Noah Baumbach’s White Noise may be the film that ended Netflix’s premium film commitment. This doesn’t mean the streaming service won’t sponsor another auteur’s vanity project—spoilers, this picture won’t win the Best Picture Oscar—but it’s unlikely to do so on this scale again.
The Irishman was more expensive, Blonde was worse, but for sheer hubris, you can’t beat an apocalyptic period adaptation of a reportedly unfilmable literary classic by a filmmaker best known for caustic domestic comedy with a rumored $140 million budget. Netflix will never repeat this.
Finish strong. White Noise, adapted from the popular 1985 Don DeLillo novel, is a confusing, inconsistent, and occasionally captivating film about 1980s America’s collective madness and a prelude to the end of the world.
A mannered parody of education, consumerism and modern families is followed by a Spielbergian disaster epic. The latter third becomes a strange, unsettling noir like the Coen brothers’ best work. Based on Baumbach’s previous work, you’d probably guess wrong on which one he handles best.
Baumbach adores the source novel. This faithful adaptation is unexpectedly cheerful and antic. Baumbach’s script respectfully lifts DeLillo’s speech and prose, missing only a few of the novel’s beats. However, the director’s fandom doesn’t fit the book.
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Baumbach writes, directs, and stars in genuine interpersonal dramas like Frances Ha and Marriage Story. DeLillo’s book is arch, stylized, and allegorical, with huge ideas, big occurrences, and solipsistic people talking over and over one another.
Jack Gladney (Adam Driver), a professor at a lovely heartland institution, pioneered the controversial area of “Hitler studies.”
At work, Jack covers up for his lack of erudition (he can’t speak German) and participates in spiraling intellectual dialogue with his friend Murray Siskind (Don Cheadle), who wants to switch from car crashes to Elvis Presley.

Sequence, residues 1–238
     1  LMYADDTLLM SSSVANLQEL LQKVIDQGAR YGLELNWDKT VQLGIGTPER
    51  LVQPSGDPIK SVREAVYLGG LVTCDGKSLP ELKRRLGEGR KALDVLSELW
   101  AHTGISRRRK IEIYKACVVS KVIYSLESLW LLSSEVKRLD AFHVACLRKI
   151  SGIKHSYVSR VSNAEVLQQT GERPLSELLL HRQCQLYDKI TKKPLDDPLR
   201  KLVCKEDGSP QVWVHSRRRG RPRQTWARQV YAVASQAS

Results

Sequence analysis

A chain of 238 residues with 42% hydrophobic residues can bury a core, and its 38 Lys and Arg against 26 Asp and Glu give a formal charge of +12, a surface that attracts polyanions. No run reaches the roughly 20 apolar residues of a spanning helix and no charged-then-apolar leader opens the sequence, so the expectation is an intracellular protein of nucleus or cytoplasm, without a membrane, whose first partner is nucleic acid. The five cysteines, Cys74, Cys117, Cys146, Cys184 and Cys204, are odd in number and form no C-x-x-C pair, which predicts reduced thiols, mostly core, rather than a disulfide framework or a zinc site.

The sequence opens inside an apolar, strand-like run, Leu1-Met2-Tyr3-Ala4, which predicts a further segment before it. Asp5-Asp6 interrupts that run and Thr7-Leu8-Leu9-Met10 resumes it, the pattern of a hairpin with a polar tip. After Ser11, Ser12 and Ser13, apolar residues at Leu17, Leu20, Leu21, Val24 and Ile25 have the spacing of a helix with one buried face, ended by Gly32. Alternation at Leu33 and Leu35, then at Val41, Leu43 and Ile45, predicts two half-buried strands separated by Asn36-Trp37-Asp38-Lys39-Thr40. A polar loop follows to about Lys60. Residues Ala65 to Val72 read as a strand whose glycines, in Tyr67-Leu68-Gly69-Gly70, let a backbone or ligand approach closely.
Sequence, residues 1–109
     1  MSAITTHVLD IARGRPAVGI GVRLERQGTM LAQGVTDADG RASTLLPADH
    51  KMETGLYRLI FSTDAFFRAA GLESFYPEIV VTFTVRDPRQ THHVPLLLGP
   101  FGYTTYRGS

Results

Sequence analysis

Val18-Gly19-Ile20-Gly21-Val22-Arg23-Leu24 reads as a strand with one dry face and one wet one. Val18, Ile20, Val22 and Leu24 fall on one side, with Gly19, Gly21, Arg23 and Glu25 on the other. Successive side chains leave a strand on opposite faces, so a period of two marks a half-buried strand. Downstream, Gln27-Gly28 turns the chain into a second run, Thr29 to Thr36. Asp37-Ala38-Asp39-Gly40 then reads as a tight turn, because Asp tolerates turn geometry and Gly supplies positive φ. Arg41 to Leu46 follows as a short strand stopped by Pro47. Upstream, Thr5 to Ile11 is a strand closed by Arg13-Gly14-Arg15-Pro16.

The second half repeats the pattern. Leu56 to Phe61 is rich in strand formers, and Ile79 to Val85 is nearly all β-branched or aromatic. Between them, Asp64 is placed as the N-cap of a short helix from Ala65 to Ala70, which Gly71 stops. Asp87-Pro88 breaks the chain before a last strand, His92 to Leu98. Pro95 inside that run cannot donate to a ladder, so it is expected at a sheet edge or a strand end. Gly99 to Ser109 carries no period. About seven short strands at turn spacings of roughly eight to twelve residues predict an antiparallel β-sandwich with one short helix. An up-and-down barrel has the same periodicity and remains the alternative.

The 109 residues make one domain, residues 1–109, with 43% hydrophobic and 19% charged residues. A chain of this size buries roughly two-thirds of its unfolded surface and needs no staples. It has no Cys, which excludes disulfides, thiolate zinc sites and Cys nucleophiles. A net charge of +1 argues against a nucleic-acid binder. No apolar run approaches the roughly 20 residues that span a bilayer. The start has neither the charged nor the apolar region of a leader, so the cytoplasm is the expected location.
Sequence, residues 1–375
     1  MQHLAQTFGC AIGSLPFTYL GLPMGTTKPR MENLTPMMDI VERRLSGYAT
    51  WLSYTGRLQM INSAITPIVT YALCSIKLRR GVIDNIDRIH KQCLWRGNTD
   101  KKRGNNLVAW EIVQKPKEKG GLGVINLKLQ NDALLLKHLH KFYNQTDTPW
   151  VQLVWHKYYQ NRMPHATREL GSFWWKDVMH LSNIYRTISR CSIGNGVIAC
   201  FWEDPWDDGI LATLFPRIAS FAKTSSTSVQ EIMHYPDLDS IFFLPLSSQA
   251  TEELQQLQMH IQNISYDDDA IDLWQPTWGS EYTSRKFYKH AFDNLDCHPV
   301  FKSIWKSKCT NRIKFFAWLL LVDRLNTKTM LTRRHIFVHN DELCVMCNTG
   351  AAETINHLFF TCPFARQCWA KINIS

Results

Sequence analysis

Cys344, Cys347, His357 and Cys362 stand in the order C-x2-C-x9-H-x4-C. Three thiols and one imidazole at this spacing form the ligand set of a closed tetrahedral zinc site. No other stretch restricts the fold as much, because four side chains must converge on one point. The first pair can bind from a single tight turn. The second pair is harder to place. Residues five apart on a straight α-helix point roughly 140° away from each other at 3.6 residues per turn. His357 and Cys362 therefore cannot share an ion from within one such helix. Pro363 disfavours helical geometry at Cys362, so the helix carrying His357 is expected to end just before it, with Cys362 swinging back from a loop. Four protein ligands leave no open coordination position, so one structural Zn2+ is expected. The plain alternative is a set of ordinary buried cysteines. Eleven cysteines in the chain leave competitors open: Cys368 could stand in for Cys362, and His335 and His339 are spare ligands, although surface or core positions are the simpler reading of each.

Jack and Babette cheerfully run a boisterous, arguing blended family (Greta Gerwig). The infatuated pair argue over who is more afraid of dying, but Babette feels sick and an ominous cloud is building on the horizon. The Gladneys fear after an accident releases the Airborne Toxic Event.
Baumbach is uncomfortable with every aspect of this material save its middle-class intellectual surroundings. (It’s also his first-period piece, and White Noise’s Day-Glo 1980s costume and production design is one of its main joys.) He overcomes it unexpectedly.
This is his most visually dense and imaginative film by a long shot, and he deftly constructs a series of stunning set-pieces: an opening lecture by Don Cheadle’s character, Murray, intercut with archive car-crash footage;
an academic duel between Jack and Murray, prowling and pontificating around a lecture theatre as they weave the legends of Hitler and Elvis together; Jack’s truly spooky night terrors; and a theatrical confrontation between Jack and Babette, late Gerwig’s tortured performance is exquisitely blocked and delivered.
The Airborne Toxic Event’s showy, CGI train crash doesn’t work—it bluntly literalizes a disaster that, in the book, is all the more ominous for being distant and vague—but what follows is an extraordinary, sustained sequence that echoes Spielberg’s masterpiece of collective madness, Close Encounters of the Third Kind.
Baumbach is a great big-screen thriller director. Gridlock and slaughter beneath the blazing sky are terrifying, but a halt at a deserted gas station evokes Hitchcock’s The Birds. In a hilarious station wagon vehicle chase, Baumbach proves he can mix action and humor. Baumbach sometimes seems more associated with pop culture DeLillo criticized than with him.
Despite Baumbach’s generosity with his performers, the cast flounders in the director’s bizarre grandiosity and struggles to find the rhythm in his collage of book lines. “She has important hair,” says Cheadle, tweedy and curious.
The driver has some fantastic moments and characterful bits of business—see how he shoves his hand up through his academic robe to push Jack’s tinted spectacles up that exquisite nose, with a hidden smirk—but he’s tragically miscast.
He’s too young for Jack at 39, and even the cosmetics and costume designers can’t hide his virility. Driver’s body doesn’t understand thwarted. He’s hilarious. Driver’s intensity typically overshadows his comedy skills, so it’s nice to see a film like White Noise highlight them.
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Baumbach’s film’s playfulness may be what irks DeLillo purists. It’s a tangled movie that can’t quite make sense of DeLillo’s vision or his characters, especially in its perplexing last third, after the Airborne Toxic Event evaporates and Jack gets fascinated with Babette’s role in a pharmaceutical conspiracy.
It’s funny and delicious. Baumbach uses brilliant color and movement to startle and amuse. He dances in the grocery aisles DeLillo and his arrogant characters imagine as the modern American cathedral during the end credits. Baumbach: point or rant? I think so, and good for him. He fled with Netflix’s money.